Wham wrote:I don't like to share my favorites as it can lead to overcrowding - but EN on Mohammed Sultan is my favorite - Okinawan japanese - VERY nice.
I'd tip Nirai-Kanai (in Tanglin SC) over En. Pricing is more reasonable and the food is more authentic -- the staff are all Okinawan! Soki soba (Okinawan-style ramen) is the top pick for most visitors.
not all, there's some local Chinese folks working there (try speaking Japanese)......hmm...I prefer the variety of En, but must be loyal to my dragonboat team's home base....

but, jp (what does your handle mean anyway?), as you and Dianthus seem well-versed in washouku, where would you recommend for the beer-and-yakitori conviviality of izakayas? Brooklyn has always been too crowded to get in, I wonder if there are other similar places (in Singapore, I don't get to Jakarta often)? I heard that the "best yakitoriyasan in Singapore" is gone.

I wonder how badly the decreasing Japanese population in Singapore has affected the choices.
Last edited by EADG on Wed, 26 Apr 2006 1:17 am, edited 3 times in total.

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Post by EADG » Wed, 26 Apr 2006 1:13 am

Dianthus wrote:Hey EADG, how about Izakaya Nijuumaru at Cappage Plaza?

I havn't been there but heard from a Japanese guy that it's one of ok places. :)
let's check it out sometime - jp?
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Post by jpatokal » Wed, 26 Apr 2006 8:33 pm

EADG wrote:but, jp (what does your handle mean anyway?)
You'll have to ask my evil twin Al J. Patok for that. :P
as you and Dianthus seem well-versed in washouku, where would you recommend for the beer-and-yakitori conviviality of izakayas? Brooklyn has always been too crowded to get in, I wonder if there are other similar places (in Singapore, I don't get to Jakarta often)? I heard that the "best yakitoriyasan in Singapore" is gone.
As said earlier, I haven't found any truly good izakaya in Singapore yet, but if there is one somewhere it's probably in Cuppage... and I just might sign up for that Nijuumaru excursion 8-)
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Post by earthfriendly » Fri, 28 Apr 2006 3:20 am

ZZOOzzoo wrote: I'm glad you found it similar to Korean BBQ, because it IS Korean BBQ. -_- Japanese have history of "borrowing" cuisines from other countries such as China, India, Korea, or even French and claim it their own with a little tweak. Unfortunately, since Japan has the biggest influence to Western world among Asian countries, many foreigners just believe it all originated from Japan. :roll:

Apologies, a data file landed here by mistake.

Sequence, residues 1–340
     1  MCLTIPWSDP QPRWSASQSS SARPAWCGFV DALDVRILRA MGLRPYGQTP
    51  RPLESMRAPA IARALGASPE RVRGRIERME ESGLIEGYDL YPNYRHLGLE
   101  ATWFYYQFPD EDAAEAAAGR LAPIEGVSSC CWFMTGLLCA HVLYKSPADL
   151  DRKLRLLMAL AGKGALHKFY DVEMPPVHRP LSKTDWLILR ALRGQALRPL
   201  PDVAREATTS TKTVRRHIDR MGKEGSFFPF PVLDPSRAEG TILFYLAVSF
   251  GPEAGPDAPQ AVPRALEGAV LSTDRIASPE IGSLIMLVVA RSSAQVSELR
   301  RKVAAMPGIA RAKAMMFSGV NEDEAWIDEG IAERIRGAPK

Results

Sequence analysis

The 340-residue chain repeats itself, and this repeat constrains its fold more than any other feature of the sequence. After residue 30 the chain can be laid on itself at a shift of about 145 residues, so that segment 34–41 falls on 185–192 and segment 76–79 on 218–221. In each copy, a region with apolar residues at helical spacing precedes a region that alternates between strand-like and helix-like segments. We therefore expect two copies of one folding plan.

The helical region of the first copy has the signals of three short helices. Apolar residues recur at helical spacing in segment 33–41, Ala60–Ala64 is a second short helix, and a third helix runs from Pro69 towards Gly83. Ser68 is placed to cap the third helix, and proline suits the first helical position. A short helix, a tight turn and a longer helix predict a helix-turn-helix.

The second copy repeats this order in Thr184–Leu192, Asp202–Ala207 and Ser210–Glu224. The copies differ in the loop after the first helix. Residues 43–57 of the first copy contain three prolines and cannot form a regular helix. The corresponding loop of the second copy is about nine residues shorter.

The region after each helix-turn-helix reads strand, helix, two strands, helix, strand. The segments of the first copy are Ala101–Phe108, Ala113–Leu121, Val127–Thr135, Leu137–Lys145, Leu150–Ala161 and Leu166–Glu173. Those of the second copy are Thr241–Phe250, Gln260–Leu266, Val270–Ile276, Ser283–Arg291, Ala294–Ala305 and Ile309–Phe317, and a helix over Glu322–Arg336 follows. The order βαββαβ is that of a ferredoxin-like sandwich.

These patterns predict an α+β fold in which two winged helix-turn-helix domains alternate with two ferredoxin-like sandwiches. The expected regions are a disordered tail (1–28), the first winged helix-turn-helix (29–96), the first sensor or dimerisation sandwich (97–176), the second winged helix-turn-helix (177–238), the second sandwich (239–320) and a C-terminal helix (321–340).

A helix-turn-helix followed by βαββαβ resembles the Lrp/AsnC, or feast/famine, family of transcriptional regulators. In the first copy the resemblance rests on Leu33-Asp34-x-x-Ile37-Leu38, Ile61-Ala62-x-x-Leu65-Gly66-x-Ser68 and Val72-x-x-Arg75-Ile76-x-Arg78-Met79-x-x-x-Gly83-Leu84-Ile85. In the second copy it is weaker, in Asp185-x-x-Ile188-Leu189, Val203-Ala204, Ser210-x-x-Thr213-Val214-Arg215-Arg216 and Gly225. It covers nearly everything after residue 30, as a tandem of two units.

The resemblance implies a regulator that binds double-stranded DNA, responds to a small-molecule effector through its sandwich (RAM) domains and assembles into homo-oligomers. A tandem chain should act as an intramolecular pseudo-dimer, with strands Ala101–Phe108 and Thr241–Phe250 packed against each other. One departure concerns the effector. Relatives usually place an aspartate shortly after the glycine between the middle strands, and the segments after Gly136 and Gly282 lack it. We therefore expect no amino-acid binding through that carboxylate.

The major influence on Japanese cuisine is Chinese. You find a lot of similar ingredients between the two :sesame seed oil, soya sauce, rice wine, pickled ginger, tofu and soy bean by-products. However, a large part of Japanese cuisine is quite distinctive like miso paste and nigiri sushi. Chinese also eat raw fish (yusheng) but unlike the nigiri way. Rather we eat slices of raw fish and seafood.

And I love the presantation of Japanese food. It is so esthetically pleasing :wink: .

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Post by SINILA » Mon, 01 May 2006 4:45 pm

Many of my freinds go to these 2 restaurants:

Shima at Goodwood Park is good.
So is Inagi-Ku at Raffles City.

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Post by serendipity » Mon, 01 May 2006 9:37 pm

jpatokal wrote:
EADG wrote:but, jp (what does your handle mean anyway?)
You'll have to ask my evil twin Al J. Patok for that. :P
[/quote]

Blimey! And I always thought it's jp as Japan ato=after that kal=(maybe) California as you somehow strike me to have an American influence when you write... if not an American perhaps? Might be wrong...
Cause in some certain language that you seem to know as well, it's written Kalifornia instead ;)

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Post by tuesdayisbest » Wed, 03 May 2006 4:19 am

Hanabi Japanese Restaurant
559 Bukit Timah Rd,King's Arcade

Hanabi Restaurant and Sake Bar
331 North Bridge Road,Odeon Towers

* All-you-can-eat-ala-carte style.About $30-ish.About 100 selections. *

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Post by jpatokal » Sat, 06 May 2006 6:28 pm

serendipity wrote:
jpatokal wrote:
EADG wrote:but, jp (what does your handle mean anyway?)
You'll have to ask my evil twin Al J. Patok for that. :P
Blimey! And I always thought it's jp as Japan ato=after that kal=(maybe) California as you somehow strike me to have an American influence when you write... if not an American perhaps? Might be wrong...
I'm afraid I'm pulling your leg again, m'dear... it's really short for Pat J. O'Kalley. Or maybe not. :cool:

But I did live in New York for a couple of years, and I can still recite the Brooklyn alphabet when I encounter a proper source of inspiration.